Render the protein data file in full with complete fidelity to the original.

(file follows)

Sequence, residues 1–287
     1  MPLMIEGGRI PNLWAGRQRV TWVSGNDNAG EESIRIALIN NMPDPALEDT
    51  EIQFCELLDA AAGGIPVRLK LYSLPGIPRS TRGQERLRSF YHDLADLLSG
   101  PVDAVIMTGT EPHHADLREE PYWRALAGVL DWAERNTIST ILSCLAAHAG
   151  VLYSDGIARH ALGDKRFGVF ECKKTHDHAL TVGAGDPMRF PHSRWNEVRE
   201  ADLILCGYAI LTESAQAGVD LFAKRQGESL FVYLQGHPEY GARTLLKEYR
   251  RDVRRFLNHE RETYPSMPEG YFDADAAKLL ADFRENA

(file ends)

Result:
Sequence, residues 1–287
     1  MPLMIEGGRI PNLWAGRQRV TWVSGNDNAG EESIRIALIN NMPDPALEDT
    51  EIQFCELLDA AAGGIPVRLK LYSLPGIPRS TRGQERLRSF YHDLADLLSG
   101  PVDAVIMTGT EPHHADLREE PYWRALAGVL DWAERNTIST ILSCLAAHAG
   151  VLYSDGIARH ALGDKRFGVF ECKKTHDHAL TVGAGDPMRF PHSRWNEVRE
   201  ADLILCGYAI LTESAQAGVD LFAKRQGESL FVYLQGHPEY GARTLLKEYR
   251  RDVRRFLNHE RETYPSMPEG YFDADAAKLL ADFRENA